By PETER SVENSSON
2013-01-23 02:41 AM
The loss of $4.23 billion, or $1.48 per share, for the fourth quarter was mainly due to adjustments to the value of its pension funds and obligations, an annual routine for Verizon Communications Inc.
But even excluding the pension effects, the New York-based phone company missed Wall Street's earnings expectations when reporting Tuesday because of the cost of repairs after Superstorm Sandy and "aggressive" advertising and price cuts on smartphones.
Verizon's loss for the October to December period compared with a loss of $2.02 billion or 71 cents per share, a year ago.
Excluding the pension adjustments and various other charges, Verizon earned 38 cents per share. Stripping out a further 7 cents per share for the cost of repair after Superstorm Sandy, earnings were 45 cents per share. That still missed the average forecast of analysts polled by FactSet, of 50 cents per share.
Verizon CFO Fran Shammo said the earnings miss was due to further costs due to Sandy that the company couldn't firmly attribute to the storm, and a "strategic decision" to invest in attracting new wireless customers by selling smartphones for cheap.
Revenue rose 6 percent to $30.05 billion from $28.44 billion, beating analyst forecasts of $29.8 billion, as Verizon added a record net of 2.2 million devices to its contract-based wireless plans. It had announced the wireless additions two weeks ago.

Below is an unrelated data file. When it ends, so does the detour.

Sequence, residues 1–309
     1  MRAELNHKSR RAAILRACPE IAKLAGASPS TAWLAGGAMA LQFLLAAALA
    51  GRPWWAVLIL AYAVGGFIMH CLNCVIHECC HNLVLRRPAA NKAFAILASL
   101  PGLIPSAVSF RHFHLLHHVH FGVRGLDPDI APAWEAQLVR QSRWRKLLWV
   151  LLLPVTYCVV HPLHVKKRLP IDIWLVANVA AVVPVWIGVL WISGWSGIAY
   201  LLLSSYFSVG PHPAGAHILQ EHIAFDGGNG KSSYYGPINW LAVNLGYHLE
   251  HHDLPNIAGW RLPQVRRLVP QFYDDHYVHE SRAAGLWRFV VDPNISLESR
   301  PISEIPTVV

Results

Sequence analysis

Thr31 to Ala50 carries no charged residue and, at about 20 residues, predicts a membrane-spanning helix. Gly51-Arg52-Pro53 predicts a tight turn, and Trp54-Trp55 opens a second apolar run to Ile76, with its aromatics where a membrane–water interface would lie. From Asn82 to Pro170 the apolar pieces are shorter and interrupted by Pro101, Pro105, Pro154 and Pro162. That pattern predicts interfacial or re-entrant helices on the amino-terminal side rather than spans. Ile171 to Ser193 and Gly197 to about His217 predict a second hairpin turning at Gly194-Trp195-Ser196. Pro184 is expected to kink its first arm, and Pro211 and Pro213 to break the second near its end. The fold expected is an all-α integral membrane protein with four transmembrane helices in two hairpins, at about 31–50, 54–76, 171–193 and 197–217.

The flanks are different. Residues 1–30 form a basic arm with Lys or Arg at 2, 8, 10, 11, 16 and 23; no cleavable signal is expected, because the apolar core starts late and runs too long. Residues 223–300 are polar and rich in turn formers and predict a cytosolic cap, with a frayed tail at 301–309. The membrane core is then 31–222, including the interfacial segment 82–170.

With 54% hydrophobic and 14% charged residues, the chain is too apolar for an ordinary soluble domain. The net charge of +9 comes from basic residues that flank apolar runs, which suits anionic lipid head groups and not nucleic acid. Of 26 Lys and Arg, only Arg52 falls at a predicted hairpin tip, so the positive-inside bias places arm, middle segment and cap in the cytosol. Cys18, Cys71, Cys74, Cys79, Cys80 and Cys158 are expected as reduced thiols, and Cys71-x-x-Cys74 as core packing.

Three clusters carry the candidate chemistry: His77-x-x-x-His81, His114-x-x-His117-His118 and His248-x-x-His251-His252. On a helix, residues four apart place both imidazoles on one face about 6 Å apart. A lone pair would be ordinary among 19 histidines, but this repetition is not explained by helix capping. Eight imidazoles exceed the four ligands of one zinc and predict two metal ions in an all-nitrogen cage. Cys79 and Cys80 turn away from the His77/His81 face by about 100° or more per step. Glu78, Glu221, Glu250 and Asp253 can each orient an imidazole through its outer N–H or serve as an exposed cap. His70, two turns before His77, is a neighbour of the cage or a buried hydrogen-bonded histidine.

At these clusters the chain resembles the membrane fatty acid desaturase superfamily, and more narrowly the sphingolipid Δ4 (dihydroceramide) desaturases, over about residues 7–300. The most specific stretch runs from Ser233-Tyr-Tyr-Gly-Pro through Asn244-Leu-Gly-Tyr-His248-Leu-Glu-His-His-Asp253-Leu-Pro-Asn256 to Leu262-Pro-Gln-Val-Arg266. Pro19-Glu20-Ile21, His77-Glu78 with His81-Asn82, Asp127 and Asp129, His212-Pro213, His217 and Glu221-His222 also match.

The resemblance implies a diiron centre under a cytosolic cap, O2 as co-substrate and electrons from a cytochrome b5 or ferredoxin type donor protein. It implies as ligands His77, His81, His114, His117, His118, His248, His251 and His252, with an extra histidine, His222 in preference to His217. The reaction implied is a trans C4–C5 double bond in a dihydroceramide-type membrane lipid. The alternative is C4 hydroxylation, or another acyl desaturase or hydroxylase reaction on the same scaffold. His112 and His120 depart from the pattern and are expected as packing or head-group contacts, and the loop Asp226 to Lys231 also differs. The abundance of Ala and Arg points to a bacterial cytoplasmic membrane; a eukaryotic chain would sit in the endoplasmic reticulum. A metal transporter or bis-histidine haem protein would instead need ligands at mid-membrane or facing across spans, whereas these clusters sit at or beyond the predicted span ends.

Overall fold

The bumper quarter was fueled by the launch of the iPhone 5 on Sept. 21. Verizon activated 3 million of those, and 6.2 million iPhones of all kinds, another record for the company. IPhones accounted for two out of three smartphones activated, also the highest figure ever for Verizon, which promotes competing "Droid" phones.
IPhone sales are not an immediate benefit to the company, since it sells them at a big loss. It recoups the money over the life of a two-year contract, but the blockbuster sales helped curb its fourth-quarter loss.
Verizon Wireless revenue climbed 9.5 percent to $20 billion and contributed nearly all of the profit, as usual. Verizon Communications owns 55 percent of Verizon Wireless. The rest is owned by Vodafone Group PLC, which gets a corresponding share of its profits.
On the wired side, operating revenue continued its long slide, falling 1.5 percent to $10 billion as households kept cancelling their landlines.
To compensate, Verizon added a net 144,000 Internet customers and 134,000 pay-TV customers to its FiOS fiber-optic service, bringing the company to a total of 5.4 million FiOS Internet and 4.7 million FiOS Video customers.
For the year, Verizon Communications earned $875 million, or 31 cents per share. In 2011, it earned $2.4 billion, or 85 cents per share. Annual revenue increased to $115.85 billion from $110.88 billion.
Verizon's report marks the debut for telecommunications companies this earnings season. Rival AT&T Inc. reports on Thursday.